Data_Sheet_1_p31-43 Gliadin Peptide Forms Oligomers and Induces NLRP3 Inflammasome/Caspase 1- Dependent Mucosal Damage in Small Intestine.pdf (401.08 kB)

Data_Sheet_1_p31-43 Gliadin Peptide Forms Oligomers and Induces NLRP3 Inflammasome/Caspase 1- Dependent Mucosal Damage in Small Intestine.pdf

Download (401.08 kB)
dataset
posted on 30.01.2019 by María Florencia Gómez Castro, Emanuel Miculán, María Georgina Herrera, Carolina Ruera, Federico Perez, Eduardo Daniel Prieto, Exequiel Barrera, Sergio Pantano, Paula Carasi, Fernando Gabriel Chirdo

Celiac disease (CD) is a chronic enteropathy elicited by a Th1 response to gluten peptides in the small intestine of genetically susceptible individuals. However, it remains unclear what drives the induction of inflammatory responses of this kind against harmless antigens in food. In a recent work, we have shown that the p31-43 peptide (p31-43) from α-gliadin can induce an innate immune response in the intestine and that this may initiate pathological adaptive immunity. The receptors and mechanisms responsible for the induction of innate immunity by p31-43 are unknown and here we present evidence that this may reflect conformational changes in the peptide that allow it to activate the NLRP3 inflammasome. Administration of p31-43, but not scrambled or inverted peptides, to normal mice induced enteropathy in the proximal small intestine, associated with increased production of type I interferon and mature IL-1β. P31-43 showed a sequence-specific spontaneous ability to form structured oligomers and aggregates in vitro and induced activation of the ASC speck complex. In parallel, the enteropathy induced by p31-43 in vivo did not occur in the absence of NLRP3 or caspase 1 and was inhibited by administration of the caspase 1 inhibitor Ac-YVAD-cmk. Collectively, these findings show that p31-43 gliadin has an intrinsic propensity to form oligomers which trigger the NLRP3 inflammasome and that this pathway is required for intestinal inflammation and pathology when p31-43 is administered orally to mice. This innate activation of the inflammasome may have important implications in the initial stages of CD pathogenesis.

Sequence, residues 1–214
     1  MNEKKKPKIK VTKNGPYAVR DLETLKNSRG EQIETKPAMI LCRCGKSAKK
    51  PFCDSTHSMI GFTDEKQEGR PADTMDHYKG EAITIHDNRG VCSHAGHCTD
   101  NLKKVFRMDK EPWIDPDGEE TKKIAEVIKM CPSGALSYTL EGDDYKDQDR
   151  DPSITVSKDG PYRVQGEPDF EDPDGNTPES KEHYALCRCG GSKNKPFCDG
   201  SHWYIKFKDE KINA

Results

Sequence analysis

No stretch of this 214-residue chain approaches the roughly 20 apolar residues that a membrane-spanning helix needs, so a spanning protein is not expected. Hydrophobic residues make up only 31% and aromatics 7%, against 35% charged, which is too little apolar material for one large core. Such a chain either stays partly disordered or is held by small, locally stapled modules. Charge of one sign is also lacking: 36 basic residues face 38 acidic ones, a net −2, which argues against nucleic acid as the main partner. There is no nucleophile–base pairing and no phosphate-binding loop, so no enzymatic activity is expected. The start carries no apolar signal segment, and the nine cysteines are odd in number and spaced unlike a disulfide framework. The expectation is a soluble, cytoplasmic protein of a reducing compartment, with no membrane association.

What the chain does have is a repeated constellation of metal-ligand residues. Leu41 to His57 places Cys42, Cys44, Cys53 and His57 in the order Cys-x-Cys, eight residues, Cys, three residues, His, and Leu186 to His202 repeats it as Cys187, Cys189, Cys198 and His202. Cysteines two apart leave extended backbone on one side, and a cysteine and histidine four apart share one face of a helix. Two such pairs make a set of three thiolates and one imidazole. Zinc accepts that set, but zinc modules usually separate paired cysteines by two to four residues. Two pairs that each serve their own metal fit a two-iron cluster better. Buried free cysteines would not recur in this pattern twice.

History

Licence

Exports